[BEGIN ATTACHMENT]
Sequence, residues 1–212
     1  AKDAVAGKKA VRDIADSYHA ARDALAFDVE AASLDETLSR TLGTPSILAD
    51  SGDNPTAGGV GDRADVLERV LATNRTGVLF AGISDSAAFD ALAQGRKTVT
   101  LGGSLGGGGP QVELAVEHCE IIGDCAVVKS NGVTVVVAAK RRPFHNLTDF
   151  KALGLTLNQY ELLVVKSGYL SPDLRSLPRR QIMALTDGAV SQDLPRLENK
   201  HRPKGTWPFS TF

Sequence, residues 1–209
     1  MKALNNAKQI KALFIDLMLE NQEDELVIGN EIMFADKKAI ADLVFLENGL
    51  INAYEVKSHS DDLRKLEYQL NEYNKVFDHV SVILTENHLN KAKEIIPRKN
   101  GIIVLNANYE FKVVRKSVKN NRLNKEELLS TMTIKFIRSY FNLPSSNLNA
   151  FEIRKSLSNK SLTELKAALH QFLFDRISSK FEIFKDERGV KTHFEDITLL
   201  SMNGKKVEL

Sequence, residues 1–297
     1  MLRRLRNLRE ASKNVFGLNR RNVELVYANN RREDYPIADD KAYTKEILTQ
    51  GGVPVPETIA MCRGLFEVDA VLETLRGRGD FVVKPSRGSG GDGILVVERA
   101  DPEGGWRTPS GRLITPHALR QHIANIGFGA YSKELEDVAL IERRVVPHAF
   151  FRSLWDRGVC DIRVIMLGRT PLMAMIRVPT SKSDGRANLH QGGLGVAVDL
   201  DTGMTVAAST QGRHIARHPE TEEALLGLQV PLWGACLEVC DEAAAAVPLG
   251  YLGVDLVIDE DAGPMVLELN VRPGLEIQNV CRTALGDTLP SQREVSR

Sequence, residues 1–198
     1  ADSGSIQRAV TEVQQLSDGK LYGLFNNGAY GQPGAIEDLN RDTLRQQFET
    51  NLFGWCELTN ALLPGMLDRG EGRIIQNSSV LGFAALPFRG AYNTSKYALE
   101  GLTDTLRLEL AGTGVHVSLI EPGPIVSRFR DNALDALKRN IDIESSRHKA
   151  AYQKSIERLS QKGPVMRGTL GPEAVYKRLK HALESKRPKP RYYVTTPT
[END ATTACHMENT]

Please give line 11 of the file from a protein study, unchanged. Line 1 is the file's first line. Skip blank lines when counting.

   151  FEIRKSLSNK SLTELKAALH QFLFDRISSK FEIFKDERGV KTHFEDITLL